Surface Roughness Design Values for Modern Pipes
- Fred F. Farshad (U. of Louisiana at Lafayette) | Herman H. Rieke (U. of Louisiana at Lafayette)
- Document ID
- Society of Petroleum Engineers
- SPE Drilling & Completion
- Publication Date
- September 2006
- Document Type
- Journal Paper
- 212 - 215
- 2006. Society of Petroleum Engineers
- 4.2 Pipelines, Flowlines and Risers, 4.3 Flow Assurance, 5.5.2 Core Analysis, 4.2.3 Materials and Corrosion, 2 Well Completion, 1.14 Casing and Cementing
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- 1,104 since 2007
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The purpose of this paper is to present practicing engineers and scientists with a new means of estimating the absolute surface roughness values, e, and relative roughness, e/d, which are specific to modern pipes with specialized internal finishes. Our research thrust has developed new relative-roughness-design equations, values, and derived charts.
Currently, the friction-pressure losses in pipes are being evaluated by practicing engineers by use of Moody's relative-roughness chart (Szilas 1975; Economides et al. 1994). Moody (1944) prepared a relative-roughness chart for a number of common piping materials. Relative roughness provides a simple means for estimating friction factors to be used in computing the friction-pressure losses in piping systems.
An accurate determination of the frictional fluid-pressure drop in pipes is required for design purposes. Currently, these newly developed pipes are used worldwide for various applications, and their surface-roughness values are needed to properly model the hydrodynamics (Farshad et al. 2001; Brown 1984).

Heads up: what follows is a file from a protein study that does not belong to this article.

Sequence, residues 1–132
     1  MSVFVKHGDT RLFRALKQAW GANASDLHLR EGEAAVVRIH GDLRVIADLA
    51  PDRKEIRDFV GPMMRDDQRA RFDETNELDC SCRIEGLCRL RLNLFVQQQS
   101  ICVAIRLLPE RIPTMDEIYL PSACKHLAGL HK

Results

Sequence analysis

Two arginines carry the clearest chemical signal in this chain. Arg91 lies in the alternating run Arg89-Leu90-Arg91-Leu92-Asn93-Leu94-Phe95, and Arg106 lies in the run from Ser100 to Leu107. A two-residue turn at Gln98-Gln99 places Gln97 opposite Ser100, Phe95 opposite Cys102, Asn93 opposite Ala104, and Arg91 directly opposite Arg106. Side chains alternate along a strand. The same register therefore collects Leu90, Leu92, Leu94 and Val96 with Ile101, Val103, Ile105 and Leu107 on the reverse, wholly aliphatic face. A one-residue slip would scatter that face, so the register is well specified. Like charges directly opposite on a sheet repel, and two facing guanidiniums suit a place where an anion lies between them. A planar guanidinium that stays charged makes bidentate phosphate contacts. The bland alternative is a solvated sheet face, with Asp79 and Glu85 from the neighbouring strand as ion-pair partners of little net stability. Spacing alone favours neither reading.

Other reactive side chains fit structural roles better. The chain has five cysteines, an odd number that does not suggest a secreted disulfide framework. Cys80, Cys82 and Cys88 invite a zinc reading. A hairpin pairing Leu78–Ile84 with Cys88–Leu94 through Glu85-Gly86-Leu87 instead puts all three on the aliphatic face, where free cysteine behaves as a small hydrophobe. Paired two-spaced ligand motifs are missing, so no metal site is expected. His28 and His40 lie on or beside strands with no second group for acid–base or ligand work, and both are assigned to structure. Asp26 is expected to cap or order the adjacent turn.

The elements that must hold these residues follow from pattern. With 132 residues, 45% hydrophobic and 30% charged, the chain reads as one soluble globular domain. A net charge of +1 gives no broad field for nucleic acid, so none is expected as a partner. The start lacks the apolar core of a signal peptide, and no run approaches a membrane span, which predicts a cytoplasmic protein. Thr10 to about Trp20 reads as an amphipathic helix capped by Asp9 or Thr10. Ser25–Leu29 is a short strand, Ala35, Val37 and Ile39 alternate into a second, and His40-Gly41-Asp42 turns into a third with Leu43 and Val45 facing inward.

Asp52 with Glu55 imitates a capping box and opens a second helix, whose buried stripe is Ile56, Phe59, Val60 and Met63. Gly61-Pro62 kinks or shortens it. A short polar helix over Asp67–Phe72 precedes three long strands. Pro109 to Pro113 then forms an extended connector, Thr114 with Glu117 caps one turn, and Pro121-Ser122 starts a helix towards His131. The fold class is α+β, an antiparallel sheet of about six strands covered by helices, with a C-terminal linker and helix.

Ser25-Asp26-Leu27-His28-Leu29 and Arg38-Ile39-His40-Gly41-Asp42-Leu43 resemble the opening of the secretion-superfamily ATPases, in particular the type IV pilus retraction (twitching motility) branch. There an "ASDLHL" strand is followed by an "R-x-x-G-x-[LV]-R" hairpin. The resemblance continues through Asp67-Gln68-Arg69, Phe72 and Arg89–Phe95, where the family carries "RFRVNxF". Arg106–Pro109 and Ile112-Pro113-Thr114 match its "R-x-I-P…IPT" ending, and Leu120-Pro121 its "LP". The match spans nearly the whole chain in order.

Recently, Farshad and Rieke (2005) published a new relative-roughness chart for the modern manufactured oil-country tubular goods (OCTG). Moody did not provide equations for his relative-roughness chart. Equations are the foundation for establishing such correlation charts. In our research, a new set of nonlinear mathematical models was successfully regressed and developed to accurately describe the log/log relationship between pipe diameter and relative roughness.In this paper we provide a set of new equations for our charts. The new equations developed can be used directly in computer models and simulators for frictional pressure-drop calculations.
Today's technology in surface engineering and pipe manufacturing has led to the introduction of modern pipes. In the past the selection of the material for the tubing was routine and basic, with most operators selecting carbon steel as a de facto standard (Craig 1993). Now, there is a drastic shift from the use of traditional carbon steel to pipes made with different alloys and internal surface finishing. For example, the increase in the use of Chrome (Cr13) tubing and internally plastic-coated pipes is because of their well-documented longevity (Farshad et al. 2000). Piping manufacturers, to mitigate the various problems associated with most operational phases of the chemical and petroleum industries, developed new alloyed pipes with different surface characteristics and specialized internal finishings (Arnold and Stewart 1986). Knowledge of the internal surface-roughness value, e, is especially important economically in the design-optimization process of hydrocarbon production and pipeline systems. Surface roughness influences the pipe flow characteristics by creating unfavorable pressure and energy losses because of friction. Farshad and Pesacreta (2003)pointed out that reports on research of physical measurements, statistical analysis, and mathematical modeling of surface roughness in new pipes are still scarce in the technical literature. Current developments in profilometry and surface engineering have led to quick and accurate measurements of the internal surface roughness of a pipe. This is a very effective way of measuring and establishing the correct absolute surface roughness of these pipes. Additionally, uncertainty is reduced when estimating the friction factor necessary for calculating friction-pressure losses in modern manufactured pipes.
|File Size||456 KB||Number of Pages||4|
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